Today I’ll be doing a book review of Marie and Mr. Bee. I happened across this story when the author, Margaret Welwood, sent me a copy of her book and asked me if I would be interested in reading it and considering it for one of my blog posts? As much as I love reading children’s books and reviewing them, I have to find a balance between the time I dedicate to reviews and my own writing. So I promised to put it on my growing reading list.
I also gave Ms. Welwood my typical response that when I read a book, it does not guarantee I will be able to review it. However, I really enjoyed Ms. Welwood’s book and wanted to share it with all of you.
Please note: This book is available in two different versions. One is the standard version and the other is a Proverbs edition. I am reviewing the standard version.
How it begins
“What happens when a not-so-busy bee comes buzzing through an open door?
Come with me to a little cabin in the woods, and I’ll tell you what happened
the day Marie met Mr. Bee.”
Ms. Welwood definitely knows how to quickly capture the attention of her young (and not-so-young) readers. Instantly, I wanted to know what happened. So with my attention glued to the story I turned the “virtual” pages and read.
Since this is a short, picture book I do not want to give away too much of the story line. What I can tell you is that Mr. Bee leads Marie astray from her usual routine. Marie quickly learns the consequences of neglecting your responsibilities.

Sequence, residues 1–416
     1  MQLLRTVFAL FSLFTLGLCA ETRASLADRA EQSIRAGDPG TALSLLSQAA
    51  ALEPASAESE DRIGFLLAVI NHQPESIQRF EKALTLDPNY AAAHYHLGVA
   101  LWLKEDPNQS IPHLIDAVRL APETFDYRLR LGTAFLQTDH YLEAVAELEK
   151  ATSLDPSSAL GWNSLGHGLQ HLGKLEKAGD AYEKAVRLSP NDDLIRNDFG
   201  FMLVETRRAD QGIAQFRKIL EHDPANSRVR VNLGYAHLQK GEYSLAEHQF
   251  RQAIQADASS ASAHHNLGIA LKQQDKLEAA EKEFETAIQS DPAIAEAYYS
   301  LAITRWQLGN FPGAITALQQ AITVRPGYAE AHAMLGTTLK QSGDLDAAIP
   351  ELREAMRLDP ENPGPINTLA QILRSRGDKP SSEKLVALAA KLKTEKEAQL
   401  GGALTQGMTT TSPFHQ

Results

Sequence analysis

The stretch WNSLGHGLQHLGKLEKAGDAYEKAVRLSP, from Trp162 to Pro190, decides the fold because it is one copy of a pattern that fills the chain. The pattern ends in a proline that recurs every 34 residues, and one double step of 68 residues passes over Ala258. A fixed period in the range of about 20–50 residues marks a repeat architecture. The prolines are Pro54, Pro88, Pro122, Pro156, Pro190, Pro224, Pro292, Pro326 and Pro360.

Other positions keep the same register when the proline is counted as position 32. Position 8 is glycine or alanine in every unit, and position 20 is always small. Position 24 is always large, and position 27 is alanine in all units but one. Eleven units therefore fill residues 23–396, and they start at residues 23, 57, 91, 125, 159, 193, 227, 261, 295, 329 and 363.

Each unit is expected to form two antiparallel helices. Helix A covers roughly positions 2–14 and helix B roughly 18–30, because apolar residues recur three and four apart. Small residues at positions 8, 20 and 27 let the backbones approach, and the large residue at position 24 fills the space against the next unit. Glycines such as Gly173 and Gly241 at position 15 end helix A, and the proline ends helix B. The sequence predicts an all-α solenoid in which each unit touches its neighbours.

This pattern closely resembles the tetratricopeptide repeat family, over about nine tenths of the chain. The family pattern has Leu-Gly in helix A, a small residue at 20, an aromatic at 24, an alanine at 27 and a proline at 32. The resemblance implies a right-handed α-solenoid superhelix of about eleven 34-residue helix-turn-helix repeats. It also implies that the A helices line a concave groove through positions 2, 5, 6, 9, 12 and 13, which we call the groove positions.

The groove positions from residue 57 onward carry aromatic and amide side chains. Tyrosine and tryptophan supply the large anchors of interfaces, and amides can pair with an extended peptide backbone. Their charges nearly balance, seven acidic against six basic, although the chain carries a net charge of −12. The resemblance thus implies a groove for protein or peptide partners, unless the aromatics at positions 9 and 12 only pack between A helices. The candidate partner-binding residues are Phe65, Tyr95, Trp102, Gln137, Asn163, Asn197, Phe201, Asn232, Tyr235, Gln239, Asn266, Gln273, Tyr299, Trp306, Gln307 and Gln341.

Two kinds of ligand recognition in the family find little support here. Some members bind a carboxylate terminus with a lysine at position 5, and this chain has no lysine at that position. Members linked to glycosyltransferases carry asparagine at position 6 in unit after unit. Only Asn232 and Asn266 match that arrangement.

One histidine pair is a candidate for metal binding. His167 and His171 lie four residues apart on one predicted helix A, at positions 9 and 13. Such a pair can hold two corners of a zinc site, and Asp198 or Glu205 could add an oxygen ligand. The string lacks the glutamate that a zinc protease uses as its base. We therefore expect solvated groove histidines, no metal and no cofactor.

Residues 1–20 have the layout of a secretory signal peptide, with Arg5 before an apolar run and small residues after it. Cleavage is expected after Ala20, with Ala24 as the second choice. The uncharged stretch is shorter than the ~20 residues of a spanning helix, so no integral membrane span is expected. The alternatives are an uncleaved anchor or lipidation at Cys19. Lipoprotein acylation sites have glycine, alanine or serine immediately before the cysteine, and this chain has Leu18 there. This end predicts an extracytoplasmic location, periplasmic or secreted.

What I enjoyed about this book
There were actually several things that I appreciated and so I thought I would list them below:
- Right away, I loved that the cover depicted Marie in a wheelchair. However, this is not made apparent in the story line except for one very brief comment. A child is merely able to absorb the image without it going into too much detail. I believe this will help a child to more readily accept that just because someone is handicapped doesn’t automatically mean that they are less able than others. It may just mean they do things differently. As they will learn, Marie is quite capable of taking things upon herself.
- I loved the soft tones Coralie Rycroft used in the illustrations. They are very inviting.
- There is a definite lesson to be learned in the book, but it is offered up in a very gentle way.
- The author has a Note to Parents. Okay, we all know how I feel about that. I include one in my own books. I love that she also believes in creating an open dialog between a child and their caregiver.
- Despite Marie being led astray by Mr. Bee the book ends with a positive resolution.
Although Amazon does not state what age category this book is intended for, it seems to be an ideal choice for young emergent readers. The story line is simple and children should easily comprehend the language and positive message. In short, it is the perfect addition to your child’s personal library.
Connect with Margaret Welwood
If you would like to learn more about Ms. Welwood, please visit her website.
There are always lessons to be learned in books. It is why I often encourage parents and children to read the same book. It is the perfect opportunity to create an open dialog and to grasp how your child’s mind processes ideas.
Do you have a book you would like reviewed? Leave a comment below with the title and I’ll add it to my reading list. If selected for an article, I will contact you for more information.